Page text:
15 Fishing Native American tribes that lived near the coasts also fished for food. They enjoyed salmon and clams along with other fish and shellfish. In the summer, Native tribes could catch enough salmon for an entire winter. Return to Room Image acquired at: IG=11nbo65o7/EXP=1223098328/**http%3A//all-

16 Hunting Return to Room Native Americans hunted for food any place they could. They firmly believed in not wasting food, so if they killed an animal for any reason, they put a lot of effort into using every part of it. Favorite meats included buffalo, elk, caribou, deer, and rabbit. They also hunted ducks, geese, and turkeys. It was not unusual for the Natives to eat porcupines, monkeys, and snakes. The men would do the hunting while the women would gather roots, berries, and nuts. Image acquired at: 1.jpg

17 Return to Room In the Southern part of America, agriculture was extremely advanced. To improve their farming, Natives had to use different farming techniques like crop rotation, irrigation, and planting windbreaks. The farmers had to use stone hatchets, pointed sticks, hoes, and bone shovels to farm on their land. Crops grown for food included squash, beans, and corn (also known as maize); these three crops were also know as the Three Sisters. These three foods depended on each other, and grow in the same area. The beans grew up the corn stalks, with the squash in between, providing the nitrogen that the soil needs for growth. Image acquired at: DS/farming.asp Farming

18 Image acquired at: True.berries.jpg/400px-True.berries.jpg Gathering Collecting of different foods that grow in the wild is called gathering. Foods commonly gathered include blueberries, acorns, and maple syrup. Depending on where the tribes lived would determine what types of foods they would be able to gather and the types of tools to be used for gathering. For example, a tap was needed to get the syrup out of Maple trees. Return to Room

19 Image acquired at: 64/ Return to Room Men typically used spears to catch fish. Spear fishing was considered a man’s job and done usually in the winter (ice fishing) or spring. Fishing with a hook and string was usually a woman’s job. Spears were made from wood with points made from bone. After the Europeans arrived they used metal. Spears would have single or triple points on them depending on the size of the fish being caught. Fishing Spears

20 Adobe ovens, also known as Hornos in Spanish, have been around for hundreds of years. They are outdoor ovens that are made from natural adobe brick. Inside you will find a stone base that retains heat. Before cooking in an horno, a fire should burn to at least 350 degrees. It will take about two hours to reach that temperature. If the horno turns black, it is too hot. After about 35 minutes, you will have a delicious, perfectly baked loaf of bread. Of coarse, the horno can also be used to cook other foods. In some parts of the Southwest, Hornos are still being used in restaurants, hotels, and even homes. Return to Room Image acquired at: The Adobe Oven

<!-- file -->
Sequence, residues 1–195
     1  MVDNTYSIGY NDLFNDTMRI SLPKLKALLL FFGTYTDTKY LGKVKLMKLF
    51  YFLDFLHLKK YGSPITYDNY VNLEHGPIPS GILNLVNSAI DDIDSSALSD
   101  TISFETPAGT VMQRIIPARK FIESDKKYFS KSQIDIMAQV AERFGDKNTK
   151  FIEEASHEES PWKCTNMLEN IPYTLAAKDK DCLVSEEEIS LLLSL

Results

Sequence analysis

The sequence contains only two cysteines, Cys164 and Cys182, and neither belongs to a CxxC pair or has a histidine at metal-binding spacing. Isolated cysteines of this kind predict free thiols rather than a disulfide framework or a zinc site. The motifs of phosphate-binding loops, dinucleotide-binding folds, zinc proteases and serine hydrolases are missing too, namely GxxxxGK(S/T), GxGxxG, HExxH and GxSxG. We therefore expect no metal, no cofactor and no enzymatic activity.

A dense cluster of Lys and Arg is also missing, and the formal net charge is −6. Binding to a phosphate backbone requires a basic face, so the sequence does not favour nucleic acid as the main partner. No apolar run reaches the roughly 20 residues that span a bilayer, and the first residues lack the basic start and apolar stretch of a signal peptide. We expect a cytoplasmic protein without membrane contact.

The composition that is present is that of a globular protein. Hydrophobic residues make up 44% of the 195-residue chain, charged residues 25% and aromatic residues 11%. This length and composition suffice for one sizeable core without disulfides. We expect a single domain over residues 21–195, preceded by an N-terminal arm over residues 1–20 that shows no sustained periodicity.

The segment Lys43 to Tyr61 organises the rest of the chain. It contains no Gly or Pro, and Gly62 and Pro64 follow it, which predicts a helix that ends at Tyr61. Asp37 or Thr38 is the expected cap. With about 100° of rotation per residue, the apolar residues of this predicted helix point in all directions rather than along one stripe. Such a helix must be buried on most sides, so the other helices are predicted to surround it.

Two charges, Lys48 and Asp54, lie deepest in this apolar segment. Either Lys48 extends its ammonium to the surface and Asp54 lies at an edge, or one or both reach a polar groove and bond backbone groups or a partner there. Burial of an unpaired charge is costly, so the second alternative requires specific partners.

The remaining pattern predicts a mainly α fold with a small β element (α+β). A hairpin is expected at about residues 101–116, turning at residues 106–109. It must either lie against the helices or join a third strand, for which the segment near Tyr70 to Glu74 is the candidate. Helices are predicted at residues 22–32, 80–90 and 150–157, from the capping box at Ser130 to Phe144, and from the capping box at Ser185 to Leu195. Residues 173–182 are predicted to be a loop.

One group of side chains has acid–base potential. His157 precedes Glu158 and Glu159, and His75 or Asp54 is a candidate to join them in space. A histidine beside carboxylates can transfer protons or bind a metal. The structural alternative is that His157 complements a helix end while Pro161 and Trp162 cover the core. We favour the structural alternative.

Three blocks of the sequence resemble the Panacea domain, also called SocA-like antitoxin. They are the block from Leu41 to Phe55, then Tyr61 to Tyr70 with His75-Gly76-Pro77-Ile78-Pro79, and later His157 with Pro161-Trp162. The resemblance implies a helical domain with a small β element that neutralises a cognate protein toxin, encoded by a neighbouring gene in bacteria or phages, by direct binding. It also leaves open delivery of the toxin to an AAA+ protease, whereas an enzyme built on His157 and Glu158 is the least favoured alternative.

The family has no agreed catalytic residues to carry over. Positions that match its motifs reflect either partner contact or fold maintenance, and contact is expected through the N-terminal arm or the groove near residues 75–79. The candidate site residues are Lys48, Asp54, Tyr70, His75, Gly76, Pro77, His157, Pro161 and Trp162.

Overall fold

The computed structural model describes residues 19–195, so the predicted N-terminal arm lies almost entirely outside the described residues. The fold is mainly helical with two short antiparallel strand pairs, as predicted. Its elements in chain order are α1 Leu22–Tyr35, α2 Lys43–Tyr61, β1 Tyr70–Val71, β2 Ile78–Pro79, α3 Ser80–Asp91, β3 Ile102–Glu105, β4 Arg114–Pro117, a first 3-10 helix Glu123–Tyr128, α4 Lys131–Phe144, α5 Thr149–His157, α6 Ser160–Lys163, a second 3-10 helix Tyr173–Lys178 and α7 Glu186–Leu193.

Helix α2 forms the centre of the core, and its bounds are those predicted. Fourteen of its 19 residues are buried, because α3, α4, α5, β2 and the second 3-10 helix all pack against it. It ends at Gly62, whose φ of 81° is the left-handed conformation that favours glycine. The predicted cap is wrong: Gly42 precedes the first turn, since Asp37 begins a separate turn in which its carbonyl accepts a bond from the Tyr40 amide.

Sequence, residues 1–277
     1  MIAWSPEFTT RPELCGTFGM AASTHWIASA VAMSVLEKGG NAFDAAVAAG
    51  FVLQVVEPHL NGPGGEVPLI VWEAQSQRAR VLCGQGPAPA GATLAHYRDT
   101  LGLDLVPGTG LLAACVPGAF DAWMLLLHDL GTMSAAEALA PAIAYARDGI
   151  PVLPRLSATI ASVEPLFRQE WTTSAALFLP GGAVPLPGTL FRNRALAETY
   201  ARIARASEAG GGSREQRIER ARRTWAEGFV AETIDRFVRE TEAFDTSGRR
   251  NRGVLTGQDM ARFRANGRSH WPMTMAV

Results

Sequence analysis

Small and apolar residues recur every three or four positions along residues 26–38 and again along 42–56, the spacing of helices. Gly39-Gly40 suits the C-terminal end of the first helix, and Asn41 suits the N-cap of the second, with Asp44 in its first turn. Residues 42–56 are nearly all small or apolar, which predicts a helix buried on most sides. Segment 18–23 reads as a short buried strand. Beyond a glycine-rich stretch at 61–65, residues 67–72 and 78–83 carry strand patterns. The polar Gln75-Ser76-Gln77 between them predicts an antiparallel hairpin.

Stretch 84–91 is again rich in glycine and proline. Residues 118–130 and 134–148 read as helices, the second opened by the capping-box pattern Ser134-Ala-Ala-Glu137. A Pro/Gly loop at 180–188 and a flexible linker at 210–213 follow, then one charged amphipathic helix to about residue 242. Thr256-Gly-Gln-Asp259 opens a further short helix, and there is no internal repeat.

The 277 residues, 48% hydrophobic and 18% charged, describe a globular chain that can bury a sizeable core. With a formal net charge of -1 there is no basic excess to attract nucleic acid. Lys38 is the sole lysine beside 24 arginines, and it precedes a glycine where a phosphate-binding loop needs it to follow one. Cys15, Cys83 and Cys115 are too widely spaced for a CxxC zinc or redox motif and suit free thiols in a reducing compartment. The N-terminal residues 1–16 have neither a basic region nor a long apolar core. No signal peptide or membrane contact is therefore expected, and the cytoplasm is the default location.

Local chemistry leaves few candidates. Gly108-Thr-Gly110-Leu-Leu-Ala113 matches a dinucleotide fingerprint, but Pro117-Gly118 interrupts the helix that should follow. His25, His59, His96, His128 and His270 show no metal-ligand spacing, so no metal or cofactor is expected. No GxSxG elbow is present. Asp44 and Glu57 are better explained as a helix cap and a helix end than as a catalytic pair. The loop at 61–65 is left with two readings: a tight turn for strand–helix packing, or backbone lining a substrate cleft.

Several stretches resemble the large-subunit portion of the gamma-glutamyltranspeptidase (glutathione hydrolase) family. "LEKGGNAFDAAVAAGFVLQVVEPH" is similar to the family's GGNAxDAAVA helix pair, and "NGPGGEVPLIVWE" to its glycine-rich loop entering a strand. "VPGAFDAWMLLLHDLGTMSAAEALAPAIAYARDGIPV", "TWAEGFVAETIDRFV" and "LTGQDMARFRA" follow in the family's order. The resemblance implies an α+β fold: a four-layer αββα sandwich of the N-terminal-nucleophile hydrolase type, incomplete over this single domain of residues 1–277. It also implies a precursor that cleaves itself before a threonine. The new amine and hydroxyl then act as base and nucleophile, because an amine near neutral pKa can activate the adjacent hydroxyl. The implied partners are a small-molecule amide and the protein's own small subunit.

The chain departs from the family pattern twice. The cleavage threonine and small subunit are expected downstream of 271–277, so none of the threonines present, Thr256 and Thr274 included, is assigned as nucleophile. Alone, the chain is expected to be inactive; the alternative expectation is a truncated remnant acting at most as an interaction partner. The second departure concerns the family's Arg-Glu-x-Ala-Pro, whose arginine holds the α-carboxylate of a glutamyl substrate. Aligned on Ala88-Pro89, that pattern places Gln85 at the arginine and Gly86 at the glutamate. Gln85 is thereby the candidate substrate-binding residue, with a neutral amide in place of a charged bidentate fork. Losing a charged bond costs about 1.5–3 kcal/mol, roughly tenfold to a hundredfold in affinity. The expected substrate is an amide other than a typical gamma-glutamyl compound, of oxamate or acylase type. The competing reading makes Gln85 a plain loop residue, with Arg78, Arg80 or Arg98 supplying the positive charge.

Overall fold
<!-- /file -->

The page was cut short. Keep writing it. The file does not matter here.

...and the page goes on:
21 The cradle board was a typical North American baby carrier that was used by women to carry a child. It was a resting place for the child so the mother can do her daily chores, including cooking. Babies were bound and wrapped, feeling safe and secure. Using cradle boards helped the mothers move freely about when cooking daily meals. Cradle Boards Return to Room Image acquired at: http://navajo-

22 Return to Room Image acquired at: n.html This tool required a lot of human energy in order to pound, crush, and grind seeds, grains, or nuts. A mortar was the “bowl” where the food was placed to be pounded, crushed… These were often hollowed-out logs or a depression in a flat rock. The pestle (a long rounded stone or wooded stick with a rounded end) would be used to pound the food. The Natives would then have to raise the pestle up and down, resulting in the food being ground up. This tool closely resembles a butter churn. Native American Food Processors

23 Image acquired at: Return to Room This was a typical woven basket. Native Americans used something like this in many different ways. Berries or other fruits, nuts, or roots were collected in baskets. Children would have them attached to their belts so they can help with the chores. Once smaller baskets were filled, they were dumped into larger ones. Often children wove their own baskets. Basket for Gathering Berries

24 Tina Tenenholtz Return to Room Tina Tenenholtz is a 5 th Grade Social Studies Specialist at O’Roarke Elementary School. She has been working at O’Roarke since it opened in August of 2008. She has been teaching for the Clark County School District since 2002. Before moving to Las Vegas, Mrs. Tenenholtz taught for six years in Chicago, Illinois. Mrs. Tenenholtz currently lives in Las Vegas, Nevada with her husband and two young daughters. Spending time with her family is one of her priorities in life. She enjoys taking Mia and Angeli to the park and cooking different meals for her family and friends. You can contact Mrs. Tenenholtz at Note: Virtual museums were first introduced by educators at Keith Valley Middle School in Horsham, Pennsylvania. This template was designed by Dr. Christy Keeler based on one of the sample virtual museums provided by the Keith Valley staff at ISTE’s NECC 2005. Contact Dr. Keeler for more information on using this template.Keith Valley Middle School Dr. Christy KeelerKeith ValleyISTENECC Dr. Keeler